Kate Swanson is a Scottish-born Australian who has traveled to and lived in many countries across the globe.
Introduction to Santorini
Most people have heard of the island of Santorini (or its old name, Thera). Some will know of it as one of the beautiful sun-kissed Greek islands; others will have heard of its legendary sunsets; and many people will have heard about it on the History channel, as the possible origin of the Atlantis legend!
That's because Santorini is no ordinary island. In ancient times it was devastated by a huge volcanic eruption, and half the island fell into the sea. Visit Fira, the main town, today and you'll find yourself standing on the edge of a precipice overlooking the volcano's caldera, with breathtaking views across the Mediterranean sea. The town's houses are built clinging to the edge of the caldera, which is now a deep blue lagoon.
The most popular hotels and apartments on Santorini are those on the edge of the caldera, because they take advantage of the wonderful views. However, being built on a steep slope means they have lots of staircases.
Many hotels will have a long flight of steps just to reach reception. Then there will be more steps to get to your room. The restaurant and pool will probably be on completely different levels, sometimes several flights of stairs away. You may even find your room is multi-level! Because the buildings are on a slope, an elevator can't be installed. Large hotels may have a stairlift or funicular but it may not serve all levels.
Traditionally, the inhabitants lived in the cliff rather than on top of it, in cave houses dug out of the slope. This gave them protection from the elements and kept their houses cool.
The Donkeys of Santorini
One of the picturesque features of Santorini is its donkeys. The port is, of course, at sea level while the towns are high on the clifftop, and the donkeys used to be the only mode of transport from one to the other. Nowadays there are buses and a cable car, but the donkeys are still there and are a major tourist attraction.
It's your choice whether you'd like to take a donkey ride. I am in two minds myself: I can see that by taking the ride, I'm supporting a tradition and providing a livelihood for the local people—but at the same time, I can't help feeling sorry for the donkeys!
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Like most Greek islands, Santorini is a wonderful place if you're looking for a relaxing vacation—but not beachside! You'll notice beach hotels on Santorini are usually cheaper than neighboring islands, and there's a good reason for that—the sand is black. It absorbs the sun and gets far too hot to sit on in high summer, and you'll need shoes to walk on it. The beaches are also a long way from any nightlife, which is concentrated around the capital, Fira. If you still want to stay there, Kamari Beach has the most tourist facilities and is the most family-friendly; the other beaches have more of a backpacker vibe.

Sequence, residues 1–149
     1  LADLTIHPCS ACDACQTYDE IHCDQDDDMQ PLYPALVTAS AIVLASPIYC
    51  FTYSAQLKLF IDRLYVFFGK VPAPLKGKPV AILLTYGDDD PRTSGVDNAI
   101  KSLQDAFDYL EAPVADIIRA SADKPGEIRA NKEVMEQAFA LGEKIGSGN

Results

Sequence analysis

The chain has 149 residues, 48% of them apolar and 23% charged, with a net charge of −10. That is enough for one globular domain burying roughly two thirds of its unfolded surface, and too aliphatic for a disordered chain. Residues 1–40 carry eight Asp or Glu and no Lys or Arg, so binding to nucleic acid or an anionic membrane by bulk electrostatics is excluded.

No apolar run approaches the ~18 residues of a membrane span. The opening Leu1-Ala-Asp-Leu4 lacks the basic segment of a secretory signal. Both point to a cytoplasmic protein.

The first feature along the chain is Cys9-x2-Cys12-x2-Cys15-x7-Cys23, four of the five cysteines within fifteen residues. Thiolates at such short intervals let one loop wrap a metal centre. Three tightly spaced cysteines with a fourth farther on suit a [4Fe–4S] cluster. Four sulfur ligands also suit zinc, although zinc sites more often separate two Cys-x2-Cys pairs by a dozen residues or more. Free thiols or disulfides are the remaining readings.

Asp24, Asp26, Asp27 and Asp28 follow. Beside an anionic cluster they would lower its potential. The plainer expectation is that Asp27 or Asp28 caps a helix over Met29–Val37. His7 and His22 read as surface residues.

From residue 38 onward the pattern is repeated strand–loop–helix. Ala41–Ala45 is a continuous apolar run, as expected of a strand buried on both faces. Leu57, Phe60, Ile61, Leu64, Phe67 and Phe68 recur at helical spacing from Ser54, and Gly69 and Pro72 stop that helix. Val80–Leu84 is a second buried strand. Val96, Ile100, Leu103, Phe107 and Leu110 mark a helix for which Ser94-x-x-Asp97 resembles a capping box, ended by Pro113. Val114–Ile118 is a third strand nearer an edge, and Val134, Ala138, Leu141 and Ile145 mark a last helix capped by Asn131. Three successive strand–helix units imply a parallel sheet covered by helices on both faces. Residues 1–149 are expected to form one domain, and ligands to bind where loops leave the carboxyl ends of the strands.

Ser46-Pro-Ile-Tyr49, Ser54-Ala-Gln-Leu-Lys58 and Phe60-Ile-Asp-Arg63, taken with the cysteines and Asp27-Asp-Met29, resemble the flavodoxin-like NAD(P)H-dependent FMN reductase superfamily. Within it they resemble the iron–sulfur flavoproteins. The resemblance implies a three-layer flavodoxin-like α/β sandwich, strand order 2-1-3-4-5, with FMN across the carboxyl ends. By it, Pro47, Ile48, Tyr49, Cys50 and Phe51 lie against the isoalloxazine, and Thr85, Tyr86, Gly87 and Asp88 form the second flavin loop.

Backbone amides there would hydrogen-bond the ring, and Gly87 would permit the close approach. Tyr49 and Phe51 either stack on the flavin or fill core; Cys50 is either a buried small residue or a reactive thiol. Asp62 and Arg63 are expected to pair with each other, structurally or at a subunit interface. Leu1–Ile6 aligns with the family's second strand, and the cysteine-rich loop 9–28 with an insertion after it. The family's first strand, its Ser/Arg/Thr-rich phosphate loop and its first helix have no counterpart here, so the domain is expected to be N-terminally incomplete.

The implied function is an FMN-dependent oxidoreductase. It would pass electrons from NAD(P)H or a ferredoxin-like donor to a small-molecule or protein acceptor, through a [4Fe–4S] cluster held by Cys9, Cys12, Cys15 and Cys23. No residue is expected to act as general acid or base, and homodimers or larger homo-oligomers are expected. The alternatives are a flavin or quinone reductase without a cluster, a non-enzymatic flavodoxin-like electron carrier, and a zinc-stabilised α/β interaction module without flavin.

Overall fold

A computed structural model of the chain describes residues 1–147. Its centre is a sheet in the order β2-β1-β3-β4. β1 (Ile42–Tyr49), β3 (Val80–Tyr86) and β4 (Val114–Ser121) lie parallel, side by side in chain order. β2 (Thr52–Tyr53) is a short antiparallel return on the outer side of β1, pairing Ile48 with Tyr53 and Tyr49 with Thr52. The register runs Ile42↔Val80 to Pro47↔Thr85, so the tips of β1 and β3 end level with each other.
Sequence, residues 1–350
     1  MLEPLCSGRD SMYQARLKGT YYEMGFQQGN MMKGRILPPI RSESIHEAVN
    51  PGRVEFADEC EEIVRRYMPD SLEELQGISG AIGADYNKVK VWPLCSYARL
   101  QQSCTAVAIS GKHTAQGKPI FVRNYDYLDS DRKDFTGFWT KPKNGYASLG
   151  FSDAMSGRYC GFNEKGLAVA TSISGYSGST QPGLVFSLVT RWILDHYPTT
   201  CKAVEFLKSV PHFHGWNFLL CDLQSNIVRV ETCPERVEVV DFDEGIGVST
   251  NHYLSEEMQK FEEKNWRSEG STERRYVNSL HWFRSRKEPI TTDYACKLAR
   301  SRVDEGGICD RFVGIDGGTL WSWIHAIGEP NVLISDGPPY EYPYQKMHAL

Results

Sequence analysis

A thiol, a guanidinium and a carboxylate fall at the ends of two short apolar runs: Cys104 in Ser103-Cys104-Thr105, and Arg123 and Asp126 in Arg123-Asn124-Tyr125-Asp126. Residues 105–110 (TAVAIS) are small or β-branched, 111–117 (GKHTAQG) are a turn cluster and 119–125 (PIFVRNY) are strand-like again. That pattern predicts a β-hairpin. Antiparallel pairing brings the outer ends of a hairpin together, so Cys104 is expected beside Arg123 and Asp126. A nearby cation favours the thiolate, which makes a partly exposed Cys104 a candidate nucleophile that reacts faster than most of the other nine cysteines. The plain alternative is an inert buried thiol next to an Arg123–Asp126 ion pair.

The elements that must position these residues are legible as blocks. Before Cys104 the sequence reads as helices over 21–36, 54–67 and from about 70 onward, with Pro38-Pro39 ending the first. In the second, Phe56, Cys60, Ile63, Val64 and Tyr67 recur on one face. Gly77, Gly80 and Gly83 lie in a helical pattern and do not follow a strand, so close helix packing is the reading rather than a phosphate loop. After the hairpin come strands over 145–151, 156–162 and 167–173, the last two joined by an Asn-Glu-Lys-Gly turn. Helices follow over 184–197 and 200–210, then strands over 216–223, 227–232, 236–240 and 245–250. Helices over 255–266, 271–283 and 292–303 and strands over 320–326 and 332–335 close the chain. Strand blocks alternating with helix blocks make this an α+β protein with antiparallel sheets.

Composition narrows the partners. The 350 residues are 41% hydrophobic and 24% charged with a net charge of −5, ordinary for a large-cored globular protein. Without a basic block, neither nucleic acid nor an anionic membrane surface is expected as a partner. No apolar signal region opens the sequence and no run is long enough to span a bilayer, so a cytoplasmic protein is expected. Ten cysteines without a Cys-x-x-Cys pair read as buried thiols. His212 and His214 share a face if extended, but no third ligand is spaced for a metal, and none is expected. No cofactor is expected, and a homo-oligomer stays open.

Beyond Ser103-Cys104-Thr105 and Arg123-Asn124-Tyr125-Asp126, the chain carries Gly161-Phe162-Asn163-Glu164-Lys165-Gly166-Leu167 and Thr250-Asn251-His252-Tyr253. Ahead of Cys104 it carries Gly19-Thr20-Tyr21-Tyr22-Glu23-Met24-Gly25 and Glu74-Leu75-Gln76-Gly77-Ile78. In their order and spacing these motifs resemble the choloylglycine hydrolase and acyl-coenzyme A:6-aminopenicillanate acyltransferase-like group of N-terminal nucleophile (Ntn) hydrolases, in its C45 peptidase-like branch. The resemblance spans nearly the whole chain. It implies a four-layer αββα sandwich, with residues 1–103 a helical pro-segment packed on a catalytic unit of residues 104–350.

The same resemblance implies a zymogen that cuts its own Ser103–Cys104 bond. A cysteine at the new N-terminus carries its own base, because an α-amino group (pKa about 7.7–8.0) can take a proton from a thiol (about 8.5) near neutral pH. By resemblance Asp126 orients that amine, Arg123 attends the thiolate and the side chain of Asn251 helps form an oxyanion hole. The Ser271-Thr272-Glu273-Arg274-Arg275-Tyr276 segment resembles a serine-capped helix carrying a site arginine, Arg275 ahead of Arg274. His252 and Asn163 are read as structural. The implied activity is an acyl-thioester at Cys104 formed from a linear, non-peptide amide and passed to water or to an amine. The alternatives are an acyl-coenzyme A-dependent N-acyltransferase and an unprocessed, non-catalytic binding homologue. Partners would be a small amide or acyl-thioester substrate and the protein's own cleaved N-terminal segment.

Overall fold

However, the beaches are located on the south and east coasts of the island, a long way from the main tourist spots on the west coast. The west coast is the place most people want to be, because that's where the spectacular views are. There is nothing quite like sitting with a glass of wine in one of the hotels there, watching the sun set over the caldera.
If you love ancient history and legend, you'll be fascinated by the history of Santorini. When the volcano erupted around 4,000 years ago, it's thought the resulting tsunami devastated the shores of the Mediterranean for miles around.
The eruption would have had such a huge impact on everyone living in the region, many historians believe it's the origin of the myth of Atlantis. Certainly, there was a thriving and sophisticated civilisation on the island which was wiped out by the disaster. You can see the remains of their town at Akrotiri.
Will I Enjoy Santorini?
If you're looking for a relaxing time in the sun, shopping for souvenirs in quaint little shops, chilling by the pool, and enjoying good food and spectacular scenery—then Santorini is for you.
If you like to be active, then you may be better off making Santorini a two-day stop on a tour of other islands, rather than a destination in its own right. Away from the main towns of Fira and Oia, the island is fairly undeveloped. Once you've visited Akrotiri and seen the cliffs, there's little else to see—the landscape inland is mainly scrub and sand. There are wineries to visit, but if you've ever tasted Greek wine, you'll know it has a distinctive taste that may not suit your palate! Also, public transport is basic so it's not easy to travel around unless you hire a car—which can be nerve-racking on the narrow twisting roads.
- Visit Greece | Santorini
The official guide to Santorini by the Greek National Tourism Organisation
- Santorini Dave
Dave's guide is the best and most comprehensive guide to Santorini that I've ever found! An essential companion while planning your visit.
- The Minoan eruption
This website gives more information about the eruption of the volcano, including a lovely story of a 4000 year-old olive tree